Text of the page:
After the Portland Tribune reported that the Bureau of Development Services (BDS) had sent a camping violation letter to a private land owner but not to Occupy Portland protesters, BDS finally sent the public land owner in violation of the same ordinance a letter warning the Portland Bureau of Parks and Recreation about changes in usage to allow camping at Chapman and Lownsdale Squares.
"On Wednesday, the bureau of development services sent a similar letter to Michael Wright, owner of the vacant lot next to the Chinatown Gate on Northwest Burnside Street. Wright has leased his property to a group that set up a Dignity Village-like camp for homeless people. A story in Thursday’s Tribune noted that the Burnside Street homeless camp had been notified of potential violations but the Occupy Portland camp had not.Korn continues:
"The complaints about the Occupy Portland site could force the bureau to examine three primary issues, [Mike] Liefeld [BDS enforcement program manager] said. The two city parks are zoned for open space, which appears to be disrupted by the tents. Overnight camping could be a second violation, since, like the West Burnside Street property being used by homeless campers, the park is not zoned for campground use, though the city’s anti-camping ordinance is being challenged in a three-year-old lawsuit in federal court. And, one of the complaints to the bureau involved late-night drumming from the Occupy Portland campground, which potentially could violate city noise ordinances."Korn notes that while Wright was given ten days to respond, no deadline was given to the Park Bureau.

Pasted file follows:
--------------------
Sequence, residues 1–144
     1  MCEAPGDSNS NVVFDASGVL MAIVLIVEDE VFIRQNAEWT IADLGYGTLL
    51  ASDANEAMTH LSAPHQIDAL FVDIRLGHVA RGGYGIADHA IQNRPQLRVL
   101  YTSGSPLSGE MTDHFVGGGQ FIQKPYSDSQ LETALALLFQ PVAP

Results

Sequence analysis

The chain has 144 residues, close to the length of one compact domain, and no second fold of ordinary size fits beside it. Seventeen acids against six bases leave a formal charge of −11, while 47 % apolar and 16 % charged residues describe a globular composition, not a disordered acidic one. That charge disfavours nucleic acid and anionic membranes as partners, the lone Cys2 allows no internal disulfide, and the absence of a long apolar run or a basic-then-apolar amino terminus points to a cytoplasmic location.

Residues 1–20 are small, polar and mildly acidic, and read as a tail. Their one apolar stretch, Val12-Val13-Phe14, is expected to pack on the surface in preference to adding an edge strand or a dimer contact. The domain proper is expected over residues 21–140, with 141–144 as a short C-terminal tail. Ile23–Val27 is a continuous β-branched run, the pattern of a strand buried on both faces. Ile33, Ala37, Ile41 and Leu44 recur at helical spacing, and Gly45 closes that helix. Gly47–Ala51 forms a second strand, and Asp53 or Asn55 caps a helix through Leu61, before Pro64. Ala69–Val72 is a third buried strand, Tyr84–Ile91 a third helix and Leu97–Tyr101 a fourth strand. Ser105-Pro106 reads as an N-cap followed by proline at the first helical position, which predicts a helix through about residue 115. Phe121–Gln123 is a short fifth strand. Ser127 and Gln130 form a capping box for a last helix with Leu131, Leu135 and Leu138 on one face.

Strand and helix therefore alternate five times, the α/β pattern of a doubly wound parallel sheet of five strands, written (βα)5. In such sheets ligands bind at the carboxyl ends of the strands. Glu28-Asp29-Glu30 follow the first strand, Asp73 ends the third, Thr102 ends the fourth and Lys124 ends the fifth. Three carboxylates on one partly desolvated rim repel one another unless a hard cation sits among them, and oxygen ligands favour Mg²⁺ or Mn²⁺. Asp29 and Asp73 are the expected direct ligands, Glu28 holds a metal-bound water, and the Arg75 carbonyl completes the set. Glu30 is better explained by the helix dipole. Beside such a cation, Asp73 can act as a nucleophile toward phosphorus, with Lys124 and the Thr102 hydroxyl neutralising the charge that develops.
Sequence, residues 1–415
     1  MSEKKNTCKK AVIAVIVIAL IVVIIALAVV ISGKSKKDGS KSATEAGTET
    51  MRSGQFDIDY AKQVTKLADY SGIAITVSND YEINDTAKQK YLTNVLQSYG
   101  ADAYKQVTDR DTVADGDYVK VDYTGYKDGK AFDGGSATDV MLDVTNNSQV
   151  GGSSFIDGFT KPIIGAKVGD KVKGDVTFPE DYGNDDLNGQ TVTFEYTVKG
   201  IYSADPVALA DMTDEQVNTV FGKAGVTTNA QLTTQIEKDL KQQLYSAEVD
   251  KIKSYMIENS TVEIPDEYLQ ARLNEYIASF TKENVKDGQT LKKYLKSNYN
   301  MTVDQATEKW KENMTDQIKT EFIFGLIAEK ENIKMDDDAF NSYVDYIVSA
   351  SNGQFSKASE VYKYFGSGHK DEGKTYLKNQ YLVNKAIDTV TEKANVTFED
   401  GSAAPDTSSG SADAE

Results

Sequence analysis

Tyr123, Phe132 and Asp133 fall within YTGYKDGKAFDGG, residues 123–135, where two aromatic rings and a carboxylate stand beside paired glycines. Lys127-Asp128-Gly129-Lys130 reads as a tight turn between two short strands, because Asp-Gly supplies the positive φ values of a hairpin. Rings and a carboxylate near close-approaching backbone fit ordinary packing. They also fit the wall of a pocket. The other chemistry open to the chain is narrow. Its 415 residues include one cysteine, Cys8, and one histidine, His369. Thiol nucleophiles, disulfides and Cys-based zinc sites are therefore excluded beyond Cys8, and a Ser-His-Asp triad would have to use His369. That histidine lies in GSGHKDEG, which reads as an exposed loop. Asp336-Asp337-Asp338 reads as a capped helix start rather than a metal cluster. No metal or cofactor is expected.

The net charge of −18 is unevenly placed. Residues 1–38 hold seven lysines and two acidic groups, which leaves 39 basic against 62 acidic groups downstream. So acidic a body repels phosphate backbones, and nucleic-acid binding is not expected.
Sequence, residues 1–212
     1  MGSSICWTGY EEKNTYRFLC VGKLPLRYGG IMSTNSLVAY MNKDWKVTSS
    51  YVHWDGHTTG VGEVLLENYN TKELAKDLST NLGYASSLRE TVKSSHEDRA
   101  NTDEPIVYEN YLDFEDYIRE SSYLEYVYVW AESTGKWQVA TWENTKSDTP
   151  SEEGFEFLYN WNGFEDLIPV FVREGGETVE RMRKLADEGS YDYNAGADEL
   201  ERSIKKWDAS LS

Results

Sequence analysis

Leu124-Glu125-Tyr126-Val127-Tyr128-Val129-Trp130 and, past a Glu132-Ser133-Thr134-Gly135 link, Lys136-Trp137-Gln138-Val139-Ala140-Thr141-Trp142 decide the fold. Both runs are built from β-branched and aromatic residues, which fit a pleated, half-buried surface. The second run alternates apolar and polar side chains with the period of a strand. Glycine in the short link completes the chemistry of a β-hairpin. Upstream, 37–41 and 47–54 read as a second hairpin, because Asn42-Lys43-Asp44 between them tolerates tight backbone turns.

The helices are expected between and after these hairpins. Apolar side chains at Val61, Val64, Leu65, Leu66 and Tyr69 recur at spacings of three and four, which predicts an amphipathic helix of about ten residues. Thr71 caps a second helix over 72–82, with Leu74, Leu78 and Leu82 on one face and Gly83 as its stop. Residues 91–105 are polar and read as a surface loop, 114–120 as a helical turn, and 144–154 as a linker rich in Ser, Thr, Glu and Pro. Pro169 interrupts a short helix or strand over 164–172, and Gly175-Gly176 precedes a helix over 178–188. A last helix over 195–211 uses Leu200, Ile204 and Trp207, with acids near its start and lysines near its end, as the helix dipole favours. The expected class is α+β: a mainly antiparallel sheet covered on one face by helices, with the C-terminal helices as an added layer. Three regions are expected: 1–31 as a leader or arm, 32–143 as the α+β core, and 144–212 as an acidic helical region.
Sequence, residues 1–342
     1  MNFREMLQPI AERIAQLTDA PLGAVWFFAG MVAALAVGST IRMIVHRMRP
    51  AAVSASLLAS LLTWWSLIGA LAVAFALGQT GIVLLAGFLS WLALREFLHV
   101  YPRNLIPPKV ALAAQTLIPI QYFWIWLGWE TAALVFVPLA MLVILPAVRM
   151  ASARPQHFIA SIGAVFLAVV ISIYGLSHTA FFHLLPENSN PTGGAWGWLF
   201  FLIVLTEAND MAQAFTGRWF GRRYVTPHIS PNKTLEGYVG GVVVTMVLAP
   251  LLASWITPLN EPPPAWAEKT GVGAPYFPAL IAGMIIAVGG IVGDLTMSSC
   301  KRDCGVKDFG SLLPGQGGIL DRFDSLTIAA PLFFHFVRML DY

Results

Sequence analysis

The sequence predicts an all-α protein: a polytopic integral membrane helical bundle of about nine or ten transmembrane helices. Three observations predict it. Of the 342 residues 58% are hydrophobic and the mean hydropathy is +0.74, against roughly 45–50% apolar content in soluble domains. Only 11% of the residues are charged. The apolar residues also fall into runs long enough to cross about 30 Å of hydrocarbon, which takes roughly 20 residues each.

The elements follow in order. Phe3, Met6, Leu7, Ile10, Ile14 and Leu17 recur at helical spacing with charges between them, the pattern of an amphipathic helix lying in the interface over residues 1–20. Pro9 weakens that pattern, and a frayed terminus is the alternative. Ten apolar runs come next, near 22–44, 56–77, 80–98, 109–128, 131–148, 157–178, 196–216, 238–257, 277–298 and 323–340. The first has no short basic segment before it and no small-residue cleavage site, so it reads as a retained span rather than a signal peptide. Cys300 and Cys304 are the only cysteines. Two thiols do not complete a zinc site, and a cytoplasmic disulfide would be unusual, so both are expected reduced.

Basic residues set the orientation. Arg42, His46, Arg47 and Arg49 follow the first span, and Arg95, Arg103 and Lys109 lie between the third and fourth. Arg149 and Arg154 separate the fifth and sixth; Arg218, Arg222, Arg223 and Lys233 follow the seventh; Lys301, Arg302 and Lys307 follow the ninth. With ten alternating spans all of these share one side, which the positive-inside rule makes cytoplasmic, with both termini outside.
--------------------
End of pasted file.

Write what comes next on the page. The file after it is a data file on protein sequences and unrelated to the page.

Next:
BDS is having a hard time sorting out how to handle public officials who violate the law:
"All of those [ordinance violations on city property] represent an unusual, possibly unique mess for bureau of development staff to wade through even as [Mayor Sam] Adams has allowed the protestors to remain encamped.How to "apply" pretty basic laws to public officials and their favorites appears to be a real head scratcher in Portland.
“'We’re trying to figure out how the codes would apply to this situation,' Liefeld said."